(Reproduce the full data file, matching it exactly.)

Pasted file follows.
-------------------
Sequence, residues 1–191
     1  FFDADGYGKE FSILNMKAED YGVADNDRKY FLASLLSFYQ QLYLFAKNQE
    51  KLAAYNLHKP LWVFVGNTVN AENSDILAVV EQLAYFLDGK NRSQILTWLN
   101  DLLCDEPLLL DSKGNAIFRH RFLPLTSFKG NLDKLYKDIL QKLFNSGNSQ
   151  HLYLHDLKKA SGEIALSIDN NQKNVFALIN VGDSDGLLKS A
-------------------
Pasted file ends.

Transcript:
Sequence, residues 1–191
     1  FFDADGYGKE FSILNMKAED YGVADNDRKY FLASLLSFYQ QLYLFAKNQE
    51  KLAAYNLHKP LWVFVGNTVN AENSDILAVV EQLAYFLDGK NRSQILTWLN
   101  DLLCDEPLLL DSKGNAIFRH RFLPLTSFKG NLDKLYKDIL QKLFNSGNSQ
   151  HLYLHDLKKA SGEIALSIDN NQKNVFALIN VGDSDGLLKS A